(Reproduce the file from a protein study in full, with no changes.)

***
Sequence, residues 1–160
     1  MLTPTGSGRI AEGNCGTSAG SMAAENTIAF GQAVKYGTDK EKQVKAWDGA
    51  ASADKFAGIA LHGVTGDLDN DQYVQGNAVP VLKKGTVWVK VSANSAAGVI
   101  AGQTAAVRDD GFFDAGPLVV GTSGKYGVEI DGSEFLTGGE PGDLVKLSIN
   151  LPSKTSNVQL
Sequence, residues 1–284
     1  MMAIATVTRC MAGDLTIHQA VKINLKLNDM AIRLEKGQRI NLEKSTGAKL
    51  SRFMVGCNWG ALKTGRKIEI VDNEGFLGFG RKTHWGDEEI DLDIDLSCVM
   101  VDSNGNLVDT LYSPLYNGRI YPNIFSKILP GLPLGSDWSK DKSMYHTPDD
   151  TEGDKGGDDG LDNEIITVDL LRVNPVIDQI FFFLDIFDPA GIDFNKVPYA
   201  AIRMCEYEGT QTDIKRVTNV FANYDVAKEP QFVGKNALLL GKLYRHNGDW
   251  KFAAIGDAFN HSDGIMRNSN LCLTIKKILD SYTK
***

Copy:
Sequence, residues 1–160
     1  MLTPTGSGRI AEGNCGTSAG SMAAENTIAF GQAVKYGTDK EKQVKAWDGA
    51  ASADKFAGIA LHGVTGDLDN DQYVQGNAVP VLKKGTVWVK VSANSAAGVI
   101  AGQTAAVRDD GFFDAGPLVV GTSGKYGVEI DGSEFLTGGE PGDLVKLSIN
   151  LPSKTSNVQL
Sequence, residues 1–284
     1  MMAIATVTRC MAGDLTIHQA VKINLKLNDM AIRLEKGQRI NLEKSTGAKL
    51  SRFMVGCNWG ALKTGRKIEI VDNEGFLGFG RKTHWGDEEI DLDIDLSCVM
   101  VDSNGNLVDT LYSPLYNGRI YPNIFSKILP GLPLGSDWSK DKSMYHTPDD
   151  TEGDKGGDDG LDNEIITVDL LRVNPVIDQI FFFLDIFDPA GIDFNKVPYA
   201  AIRMCEYEGT QTDIKRVTNV FANYDVAKEP QFVGKNALLL GKLYRHNGDW
   251  KFAAIGDAFN HSDGIMRNSN LCLTIKKILD SYTK